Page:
My Upmost For His Highest-OSWALD CHAMBERS
The Law of Opposition
Life without war is impossible in the natural or the supernatural realm. It is a fact that there is a continuing struggle in the physical, mental, moral, and spiritual areas of life.
Health is the balance between the physical parts of my body and all the things and forces surrounding me. To maintain good health I must have sufficient internal strength to fight off the things that are external. Everything outside my physical life is designed to cause my death. The very elements that sustain me while I am alive work to decay and disintegrate my body once it is dead. If I have enough inner strength to fight, I help to produce the balance needed for health. The same is true of the mental life. If I want to maintain a strong and active mental life, I have to fight. This struggle produces the mental balance called thought.
Morally it is the same. Anything that does not strengthen me morally is the enemy of virtue within me. Whether I overcome, thereby producing virtue, depends on the level of moral excellence in my life. But we must fight to be moral. Morality does not happen by accident; moral virtue is acquired.
And spiritually it is also the same. Jesus said, “In the world you will have tribulation …” (John 16:33). This means that anything which is not spiritual leads to my downfall. Jesus went on to say, “… but be of good cheer, I have overcome the world.” I must learn to fight against and overcome the things that come against me, and in that way produce the balance of holiness. Then it becomes a delight to meet opposition.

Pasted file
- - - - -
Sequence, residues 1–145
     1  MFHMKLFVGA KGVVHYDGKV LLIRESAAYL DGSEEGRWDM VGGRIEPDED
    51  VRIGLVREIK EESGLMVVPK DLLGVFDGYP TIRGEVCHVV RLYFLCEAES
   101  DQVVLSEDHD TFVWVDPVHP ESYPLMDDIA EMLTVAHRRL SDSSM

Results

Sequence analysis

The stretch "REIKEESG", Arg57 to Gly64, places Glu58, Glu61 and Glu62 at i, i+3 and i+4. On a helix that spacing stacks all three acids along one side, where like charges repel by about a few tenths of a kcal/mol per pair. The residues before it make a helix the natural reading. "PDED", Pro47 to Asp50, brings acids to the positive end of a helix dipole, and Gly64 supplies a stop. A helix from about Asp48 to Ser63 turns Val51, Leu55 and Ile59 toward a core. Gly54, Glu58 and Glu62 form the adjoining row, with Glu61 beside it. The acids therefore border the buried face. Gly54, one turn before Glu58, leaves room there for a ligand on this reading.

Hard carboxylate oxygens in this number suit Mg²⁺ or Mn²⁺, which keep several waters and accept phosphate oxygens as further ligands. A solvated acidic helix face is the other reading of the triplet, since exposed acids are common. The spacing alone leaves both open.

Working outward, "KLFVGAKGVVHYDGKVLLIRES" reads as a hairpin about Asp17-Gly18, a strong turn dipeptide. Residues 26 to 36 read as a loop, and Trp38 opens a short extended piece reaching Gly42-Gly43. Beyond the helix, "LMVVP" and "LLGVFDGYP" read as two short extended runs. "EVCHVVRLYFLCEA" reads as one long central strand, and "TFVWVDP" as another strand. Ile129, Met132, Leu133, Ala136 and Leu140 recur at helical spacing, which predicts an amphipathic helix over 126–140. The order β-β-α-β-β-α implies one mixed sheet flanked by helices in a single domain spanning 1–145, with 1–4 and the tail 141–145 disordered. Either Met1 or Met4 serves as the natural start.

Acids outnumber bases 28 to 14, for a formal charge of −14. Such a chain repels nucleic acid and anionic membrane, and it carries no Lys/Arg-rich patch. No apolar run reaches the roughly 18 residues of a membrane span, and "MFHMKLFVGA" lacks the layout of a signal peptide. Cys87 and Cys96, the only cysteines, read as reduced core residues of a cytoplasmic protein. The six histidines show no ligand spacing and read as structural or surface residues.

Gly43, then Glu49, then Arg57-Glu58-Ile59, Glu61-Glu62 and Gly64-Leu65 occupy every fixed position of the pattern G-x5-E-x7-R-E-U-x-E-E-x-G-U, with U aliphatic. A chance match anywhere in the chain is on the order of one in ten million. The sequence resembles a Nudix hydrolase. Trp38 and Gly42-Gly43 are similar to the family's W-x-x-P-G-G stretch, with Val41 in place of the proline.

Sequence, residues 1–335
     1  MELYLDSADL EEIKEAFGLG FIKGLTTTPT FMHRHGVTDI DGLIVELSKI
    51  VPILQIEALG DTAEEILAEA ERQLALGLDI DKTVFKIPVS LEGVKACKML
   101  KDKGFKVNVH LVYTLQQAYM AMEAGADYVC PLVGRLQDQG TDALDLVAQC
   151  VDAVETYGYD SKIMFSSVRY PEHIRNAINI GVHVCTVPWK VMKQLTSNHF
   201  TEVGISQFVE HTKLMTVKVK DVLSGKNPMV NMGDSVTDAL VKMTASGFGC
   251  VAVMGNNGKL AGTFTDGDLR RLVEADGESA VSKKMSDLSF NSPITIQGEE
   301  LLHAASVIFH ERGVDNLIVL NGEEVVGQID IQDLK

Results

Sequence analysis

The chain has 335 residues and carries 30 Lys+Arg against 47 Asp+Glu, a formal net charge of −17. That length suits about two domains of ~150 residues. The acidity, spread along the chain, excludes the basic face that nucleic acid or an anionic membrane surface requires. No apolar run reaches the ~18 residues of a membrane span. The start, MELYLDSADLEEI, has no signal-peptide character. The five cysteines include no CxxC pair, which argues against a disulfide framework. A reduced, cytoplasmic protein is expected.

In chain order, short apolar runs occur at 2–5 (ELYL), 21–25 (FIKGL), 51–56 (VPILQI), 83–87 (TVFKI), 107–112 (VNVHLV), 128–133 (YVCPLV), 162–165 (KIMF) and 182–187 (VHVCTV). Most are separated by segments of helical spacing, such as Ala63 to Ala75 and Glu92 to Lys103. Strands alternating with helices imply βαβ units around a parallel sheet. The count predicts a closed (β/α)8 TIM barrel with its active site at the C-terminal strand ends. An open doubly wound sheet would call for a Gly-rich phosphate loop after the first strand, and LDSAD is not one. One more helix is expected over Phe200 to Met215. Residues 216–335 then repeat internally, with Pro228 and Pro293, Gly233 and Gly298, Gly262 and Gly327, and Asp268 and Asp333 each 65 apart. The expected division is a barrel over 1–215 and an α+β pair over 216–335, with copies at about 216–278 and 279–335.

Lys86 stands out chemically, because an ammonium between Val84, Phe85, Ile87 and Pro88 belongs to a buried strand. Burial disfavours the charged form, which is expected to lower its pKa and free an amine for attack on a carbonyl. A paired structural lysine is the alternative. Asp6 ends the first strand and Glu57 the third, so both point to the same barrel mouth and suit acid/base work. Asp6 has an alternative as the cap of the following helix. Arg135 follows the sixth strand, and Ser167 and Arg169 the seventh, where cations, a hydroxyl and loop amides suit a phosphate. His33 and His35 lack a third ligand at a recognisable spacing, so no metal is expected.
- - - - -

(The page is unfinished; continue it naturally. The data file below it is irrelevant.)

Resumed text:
Holiness is the balance between my nature and the law of God as expressed in Jesus Christ.
A great feast requires that you take up your cross. Who's who will surprise you.
- Luke 14
- New Living Translation (NLT)
- Jesus Heals on the Sabbath
- 14 One Sabbath day Jesus went to eat dinner in the home of a leader of the Pharisees, and the people were watching him closely. 2 There was a man there whose arms and legs were swollen.[a] 3 Jesus asked the Pharisees and experts in religious law, “Is it permitted in the law to heal people on the Sabbath day, or not?” 4 When they refused to answer, Jesus touched the sick man and healed him and sent him away. 5 Then he turned to them and said, “Which of you doesn’t work on the Sabbath? If your son[b] or your cow falls into a pit, don’t you rush to get him out?” 6 Again they could not answer.
- Jesus Teaches about Humility